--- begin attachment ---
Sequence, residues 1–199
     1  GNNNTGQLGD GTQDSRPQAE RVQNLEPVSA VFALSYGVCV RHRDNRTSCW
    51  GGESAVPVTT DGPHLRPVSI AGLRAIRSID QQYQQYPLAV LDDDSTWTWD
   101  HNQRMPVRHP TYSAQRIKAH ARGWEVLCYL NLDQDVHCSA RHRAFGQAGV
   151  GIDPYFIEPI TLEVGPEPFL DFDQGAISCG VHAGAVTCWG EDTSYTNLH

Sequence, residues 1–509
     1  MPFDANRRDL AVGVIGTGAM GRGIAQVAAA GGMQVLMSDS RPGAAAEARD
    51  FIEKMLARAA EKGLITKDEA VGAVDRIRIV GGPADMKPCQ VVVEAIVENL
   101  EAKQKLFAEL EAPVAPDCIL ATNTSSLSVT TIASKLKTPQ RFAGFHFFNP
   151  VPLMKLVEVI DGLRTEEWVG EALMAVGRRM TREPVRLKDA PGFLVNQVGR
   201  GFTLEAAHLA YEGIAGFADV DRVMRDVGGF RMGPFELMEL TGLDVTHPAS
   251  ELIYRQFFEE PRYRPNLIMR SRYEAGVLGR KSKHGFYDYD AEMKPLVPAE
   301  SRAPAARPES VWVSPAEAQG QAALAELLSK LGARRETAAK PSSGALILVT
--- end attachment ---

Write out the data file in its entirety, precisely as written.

Sequence, residues 1–199
     1  GNNNTGQLGD GTQDSRPQAE RVQNLEPVSA VFALSYGVCV RHRDNRTSCW
    51  GGESAVPVTT DGPHLRPVSI AGLRAIRSID QQYQQYPLAV LDDDSTWTWD
   101  HNQRMPVRHP TYSAQRIKAH ARGWEVLCYL NLDQDVHCSA RHRAFGQAGV
   151  GIDPYFIEPI TLEVGPEPFL DFDQGAISCG VHAGAVTCWG EDTSYTNLH

Sequence, residues 1–509
     1  MPFDANRRDL AVGVIGTGAM GRGIAQVAAA GGMQVLMSDS RPGAAAEARD
    51  FIEKMLARAA EKGLITKDEA VGAVDRIRIV GGPADMKPCQ VVVEAIVENL
   101  EAKQKLFAEL EAPVAPDCIL ATNTSSLSVT TIASKLKTPQ RFAGFHFFNP
   151  VPLMKLVEVI DGLRTEEWVG EALMAVGRRM TREPVRLKDA PGFLVNQVGR
   201  GFTLEAAHLA YEGIAGFADV DRVMRDVGGF RMGPFELMEL TGLDVTHPAS
   251  ELIYRQFFEE PRYRPNLIMR SRYEAGVLGR KSKHGFYDYD AEMKPLVPAE
   301  SRAPAARPES VWVSPAEAQG QAALAELLSK LGARRETAAK PSSGALILVT